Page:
Dollar rents upset Kampala traders

The issue of paying rent in dollars remains a thorn n the side of many city traders.
The issue of paying rent in dollars remains a thorn in the side of many city traders especially when the shilling weakens sharply.

March 13—Traders and shop operators in the Kampala Central Business District want protection from sudden rent hikes based on the depreciation of the Uganda shilling against the US dollar on the foreign exchange market.

Everest Kayongo, the Chairperson, Kampala City Traders Association (KACITA) said, “Traders continue to face harassment from the landlords, like continuous rent hikes without prior notice, unfair dismissal for failure to adjust to the rent charges and the continuous charges of rent in dollars.”

He said, “If we do not get to hear from Parliament, we shall force it to act through an industrial action, because we need the Bill to protect the traders since legislation is the best solution to these issues.”

Several traders have declined to open for business until the matter is sorted out. They are attempting to hold talks with landlords over something that has remained a thorn in their sides whenever the shilling weakens against the dollar. They say this dollarization of segments of the economy hurts business.

On the other hand, those who charge in dollars say it is a way to hedge any risks associated with currency fluctuations and inflation. They add that Uganda has a liberalized economy in which the rights of private property are well enshrined in the law.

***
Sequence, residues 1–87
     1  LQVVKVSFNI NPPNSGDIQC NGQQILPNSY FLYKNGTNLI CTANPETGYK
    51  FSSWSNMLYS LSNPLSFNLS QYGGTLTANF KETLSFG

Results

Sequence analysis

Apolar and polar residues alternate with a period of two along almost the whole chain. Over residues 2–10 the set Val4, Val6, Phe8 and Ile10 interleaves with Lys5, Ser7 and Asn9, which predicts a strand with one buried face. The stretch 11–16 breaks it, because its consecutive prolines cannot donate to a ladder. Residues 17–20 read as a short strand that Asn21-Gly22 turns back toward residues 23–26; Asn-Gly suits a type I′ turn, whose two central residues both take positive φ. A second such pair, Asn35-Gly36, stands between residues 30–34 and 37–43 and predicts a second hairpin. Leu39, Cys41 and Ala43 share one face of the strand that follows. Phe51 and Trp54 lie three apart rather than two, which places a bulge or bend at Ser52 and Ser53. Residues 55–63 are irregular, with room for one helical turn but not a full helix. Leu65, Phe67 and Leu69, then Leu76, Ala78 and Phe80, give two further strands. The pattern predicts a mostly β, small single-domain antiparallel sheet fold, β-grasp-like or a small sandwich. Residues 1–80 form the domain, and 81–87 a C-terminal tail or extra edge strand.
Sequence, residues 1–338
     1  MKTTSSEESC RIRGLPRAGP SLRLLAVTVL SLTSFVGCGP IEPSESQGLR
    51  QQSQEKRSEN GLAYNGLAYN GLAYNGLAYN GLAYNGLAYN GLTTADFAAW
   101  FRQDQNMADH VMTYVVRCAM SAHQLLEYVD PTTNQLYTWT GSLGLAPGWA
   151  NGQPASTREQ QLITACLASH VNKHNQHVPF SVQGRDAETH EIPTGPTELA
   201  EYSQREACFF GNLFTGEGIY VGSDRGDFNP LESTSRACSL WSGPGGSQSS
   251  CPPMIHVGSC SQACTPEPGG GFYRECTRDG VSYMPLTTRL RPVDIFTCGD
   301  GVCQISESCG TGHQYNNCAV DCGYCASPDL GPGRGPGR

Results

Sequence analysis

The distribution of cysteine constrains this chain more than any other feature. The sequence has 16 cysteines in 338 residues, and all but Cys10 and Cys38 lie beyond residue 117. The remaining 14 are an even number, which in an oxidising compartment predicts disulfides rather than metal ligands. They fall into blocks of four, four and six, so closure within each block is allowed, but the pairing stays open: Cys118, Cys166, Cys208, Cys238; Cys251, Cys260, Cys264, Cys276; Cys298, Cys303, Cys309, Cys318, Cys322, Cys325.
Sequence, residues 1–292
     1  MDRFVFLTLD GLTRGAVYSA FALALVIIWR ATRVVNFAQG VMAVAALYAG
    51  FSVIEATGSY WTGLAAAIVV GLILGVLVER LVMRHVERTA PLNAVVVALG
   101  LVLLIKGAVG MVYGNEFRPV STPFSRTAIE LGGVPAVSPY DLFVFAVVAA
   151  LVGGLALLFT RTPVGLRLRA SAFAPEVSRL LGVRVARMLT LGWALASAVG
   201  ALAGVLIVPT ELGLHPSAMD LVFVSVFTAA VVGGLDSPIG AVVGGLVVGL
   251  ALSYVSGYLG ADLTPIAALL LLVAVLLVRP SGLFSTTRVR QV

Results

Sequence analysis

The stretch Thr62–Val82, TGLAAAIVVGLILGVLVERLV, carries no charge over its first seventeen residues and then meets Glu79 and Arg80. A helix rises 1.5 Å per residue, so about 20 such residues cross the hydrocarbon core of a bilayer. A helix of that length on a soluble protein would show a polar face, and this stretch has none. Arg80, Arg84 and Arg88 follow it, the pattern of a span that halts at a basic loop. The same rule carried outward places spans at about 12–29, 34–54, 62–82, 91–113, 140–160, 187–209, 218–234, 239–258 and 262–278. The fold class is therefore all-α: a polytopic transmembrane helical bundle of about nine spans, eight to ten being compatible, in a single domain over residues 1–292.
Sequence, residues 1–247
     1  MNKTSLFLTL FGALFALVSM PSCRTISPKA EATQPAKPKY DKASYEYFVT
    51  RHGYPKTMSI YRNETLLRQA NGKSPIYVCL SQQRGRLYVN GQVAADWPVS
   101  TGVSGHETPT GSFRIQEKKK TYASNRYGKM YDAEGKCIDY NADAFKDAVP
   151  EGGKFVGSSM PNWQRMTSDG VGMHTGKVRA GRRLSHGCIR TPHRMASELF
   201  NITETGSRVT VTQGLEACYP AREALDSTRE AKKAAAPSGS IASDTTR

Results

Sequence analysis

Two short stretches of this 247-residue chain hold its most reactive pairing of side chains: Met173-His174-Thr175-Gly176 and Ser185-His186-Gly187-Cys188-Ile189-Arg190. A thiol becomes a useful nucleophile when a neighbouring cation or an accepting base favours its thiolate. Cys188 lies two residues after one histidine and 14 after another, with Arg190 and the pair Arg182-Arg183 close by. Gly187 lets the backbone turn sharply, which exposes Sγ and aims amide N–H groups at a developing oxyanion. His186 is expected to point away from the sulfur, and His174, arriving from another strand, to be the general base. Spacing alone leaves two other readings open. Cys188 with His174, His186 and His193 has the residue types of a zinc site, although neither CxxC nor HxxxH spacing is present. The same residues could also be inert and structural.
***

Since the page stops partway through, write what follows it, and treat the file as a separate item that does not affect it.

Kayongo said the Landlord Tenant Bill (2013), which is currently in draft form, will address most of the controversies between the landlords and tenants. He said it has been in the offing for some time now, but presently lies in limbo.

“In 2016, we tried to follow up on the progress, but even the authors of the Bill, the Ministry of Lands professed ignorance on the progress of it, until we opted to bring the Bill as a Private Members Bill,” he said.

Moses Lutalo, the Head Commercial and Residential Portfolio at Knight Frank (Uganda) said the international real estate consultancy has prepared a White Paper on the matter for the government. He hoped their proposals are considered before the Bill is passed, because in its current form the proposed legislation seems a threat to landlords.

In their latest Uganda Market Update for the second quarter of 2016,  KF points out that implementing the draft Landlord-Tenant Bill, which among other things wants the payment of rent in dollars abolished, will have a negative impact on the real estate sector, especially for developers whose financing is in foreign currency.

Kayongo believes an arbitration process where the two parties can meet to address such issues should be in place and find solutions to some of these problems instead of evicting tenants who cannot raise the shilling equivalent fast enough.

 

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